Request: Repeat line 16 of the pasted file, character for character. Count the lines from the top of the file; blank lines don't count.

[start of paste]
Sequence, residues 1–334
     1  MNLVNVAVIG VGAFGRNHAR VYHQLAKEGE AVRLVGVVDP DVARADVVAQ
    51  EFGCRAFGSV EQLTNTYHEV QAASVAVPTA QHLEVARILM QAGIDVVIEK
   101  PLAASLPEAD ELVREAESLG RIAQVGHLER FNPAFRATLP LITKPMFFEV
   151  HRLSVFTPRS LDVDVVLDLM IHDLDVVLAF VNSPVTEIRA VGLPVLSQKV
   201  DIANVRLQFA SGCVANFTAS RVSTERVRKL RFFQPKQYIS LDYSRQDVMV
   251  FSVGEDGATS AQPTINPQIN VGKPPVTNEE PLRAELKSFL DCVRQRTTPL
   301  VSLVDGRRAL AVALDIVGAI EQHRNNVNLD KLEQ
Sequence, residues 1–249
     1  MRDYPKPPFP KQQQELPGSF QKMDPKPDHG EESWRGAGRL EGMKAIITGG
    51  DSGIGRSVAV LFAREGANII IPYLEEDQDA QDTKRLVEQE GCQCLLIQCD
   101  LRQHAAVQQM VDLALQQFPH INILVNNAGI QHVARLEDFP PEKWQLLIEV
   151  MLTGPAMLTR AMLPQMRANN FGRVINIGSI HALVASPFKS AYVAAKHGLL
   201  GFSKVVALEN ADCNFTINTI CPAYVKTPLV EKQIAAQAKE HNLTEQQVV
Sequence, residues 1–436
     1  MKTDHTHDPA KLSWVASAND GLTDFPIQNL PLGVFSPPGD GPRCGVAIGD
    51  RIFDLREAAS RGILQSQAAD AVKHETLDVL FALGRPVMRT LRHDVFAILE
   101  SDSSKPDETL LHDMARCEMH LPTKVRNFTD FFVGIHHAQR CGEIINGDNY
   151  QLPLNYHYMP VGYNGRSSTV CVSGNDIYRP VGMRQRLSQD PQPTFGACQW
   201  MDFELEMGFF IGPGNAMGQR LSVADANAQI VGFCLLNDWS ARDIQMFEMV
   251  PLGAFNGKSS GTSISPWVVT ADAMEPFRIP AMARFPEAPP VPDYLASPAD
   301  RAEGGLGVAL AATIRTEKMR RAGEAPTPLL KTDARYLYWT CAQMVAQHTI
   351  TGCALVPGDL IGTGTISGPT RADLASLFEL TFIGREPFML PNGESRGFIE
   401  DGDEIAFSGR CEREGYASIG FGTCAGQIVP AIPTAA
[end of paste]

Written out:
     1  MKTDHTHDPA KLSWVASAND GLTDFPIQNL PLGVFSPPGD GPRCGVAIGD